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Re: [PATCH 1/9] Known exploit detection

From:  Jiri Kosina <jkosina-AT-suse.cz>
To:  Theodore Ts'o <tytso-AT-mit.edu>
Subject:  Re: [PATCH 1/9] Known exploit detection
Date:  Fri, 13 Dec 2013 10:32:16 +0100 (CET)
Message-ID:  <alpine.LRH.2.00.1312131028400.7125@twin.jikos.cz>
Cc:  Kees Cook <keescook-AT-chromium.org>, vegard.nossum-AT-oracle.com, LKML <linux-kernel-AT-vger.kernel.org>, Tommi Rantala <tt.rantala-AT-gmail.com>, Ingo Molnar <mingo-AT-kernel.org>, "Eric W. Biederman" <ebiederm-AT-xmission.com>, Andy Lutomirski <luto-AT-amacapital.net>, Daniel Vetter <daniel.vetter-AT-ffwll.ch>, Alan Cox <alan-AT-linux.intel.com>, Greg Kroah-Hartman <gregkh-AT-linuxfoundation.org>, Jason Wang <jasowang-AT-redhat.com>, "David S. Miller" <davem-AT-davemloft.net>, Dan Carpenter <dan.carpenter-AT-oracle.com>, James Morris <james.l.morris-AT-oracle.com>
Archive-link:  Article

On Fri, 13 Dec 2013, Theodore Ts'o wrote:

> I am at least partially sympathetic to the concerns which Greg has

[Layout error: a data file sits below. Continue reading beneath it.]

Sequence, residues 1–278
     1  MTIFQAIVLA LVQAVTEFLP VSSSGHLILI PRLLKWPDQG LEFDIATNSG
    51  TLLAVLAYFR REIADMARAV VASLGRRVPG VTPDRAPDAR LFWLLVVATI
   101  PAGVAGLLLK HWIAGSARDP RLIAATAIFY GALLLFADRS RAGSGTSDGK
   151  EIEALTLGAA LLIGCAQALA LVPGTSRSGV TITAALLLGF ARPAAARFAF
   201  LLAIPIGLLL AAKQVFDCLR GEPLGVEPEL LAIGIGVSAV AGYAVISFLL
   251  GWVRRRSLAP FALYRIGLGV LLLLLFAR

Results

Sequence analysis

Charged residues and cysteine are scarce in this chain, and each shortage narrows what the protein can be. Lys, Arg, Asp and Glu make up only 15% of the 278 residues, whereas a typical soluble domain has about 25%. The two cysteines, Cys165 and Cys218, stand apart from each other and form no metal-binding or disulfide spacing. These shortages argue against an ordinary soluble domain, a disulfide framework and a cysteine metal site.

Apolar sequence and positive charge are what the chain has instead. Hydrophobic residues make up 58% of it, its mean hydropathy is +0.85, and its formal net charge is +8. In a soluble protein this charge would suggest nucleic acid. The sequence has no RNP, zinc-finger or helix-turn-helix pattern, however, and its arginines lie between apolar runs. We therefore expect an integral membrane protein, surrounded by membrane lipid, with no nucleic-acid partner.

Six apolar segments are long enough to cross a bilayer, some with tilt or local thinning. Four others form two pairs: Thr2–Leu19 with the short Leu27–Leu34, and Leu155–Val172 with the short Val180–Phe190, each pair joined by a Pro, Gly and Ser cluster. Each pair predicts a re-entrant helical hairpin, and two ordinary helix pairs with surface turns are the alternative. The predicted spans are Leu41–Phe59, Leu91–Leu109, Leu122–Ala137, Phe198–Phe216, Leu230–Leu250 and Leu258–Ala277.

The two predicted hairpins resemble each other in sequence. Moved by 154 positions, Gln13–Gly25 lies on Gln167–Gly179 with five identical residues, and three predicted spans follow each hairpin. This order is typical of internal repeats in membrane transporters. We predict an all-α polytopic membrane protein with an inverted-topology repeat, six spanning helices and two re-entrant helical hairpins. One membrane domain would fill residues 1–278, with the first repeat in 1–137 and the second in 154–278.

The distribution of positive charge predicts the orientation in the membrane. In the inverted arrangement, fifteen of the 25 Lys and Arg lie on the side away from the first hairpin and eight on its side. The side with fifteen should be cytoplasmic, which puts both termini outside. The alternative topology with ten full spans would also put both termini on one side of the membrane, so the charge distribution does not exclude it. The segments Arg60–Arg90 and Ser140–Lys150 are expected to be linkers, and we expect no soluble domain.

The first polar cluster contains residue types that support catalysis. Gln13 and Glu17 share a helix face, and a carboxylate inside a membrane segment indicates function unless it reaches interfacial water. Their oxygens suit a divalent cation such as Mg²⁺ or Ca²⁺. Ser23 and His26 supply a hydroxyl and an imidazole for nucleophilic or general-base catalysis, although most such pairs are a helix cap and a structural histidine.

> raised, though.  At the very least the exploit() tags should also have
> a date stamp, so it we can automatically scan for exploit tags whose
> time has come and gone.

At least this is a non-issue, if you supply the CVE string (as 
Vegard's patchset proposed), as it implicitly contains a year it has been 
issued (which seems like sufficient granularity for this kind of 
tracking).

> I'm also worried about false positives getting triggered due to
> userspace bugs, corrupted file systems, or other random hardare
> failures.  This could be a support headache for distributions, and
> possibly for other kernel support organizations as well.  Given that
> attack authors will probably adapt their explots to only try them on
> known RHEL/SLES kernels that have the bug, it wouldn't surprise me if
> enterprise distro's such as Red Hat and SuSE will very likely simply
> not turn on the config option.

I of course can't really now talk officially about what we would do, as no 
internal discussion about this has happened, but my gut feeling is that we 
will be turning it off, exactly due to the reasons outlined above. 

We want to maintain sanity of our support engineers and not let them be 
drowned in figuring out these being false positives and then going through 
the pain of explaining this to the customer.

-- 
Jiri Kosina
SUSE Labs



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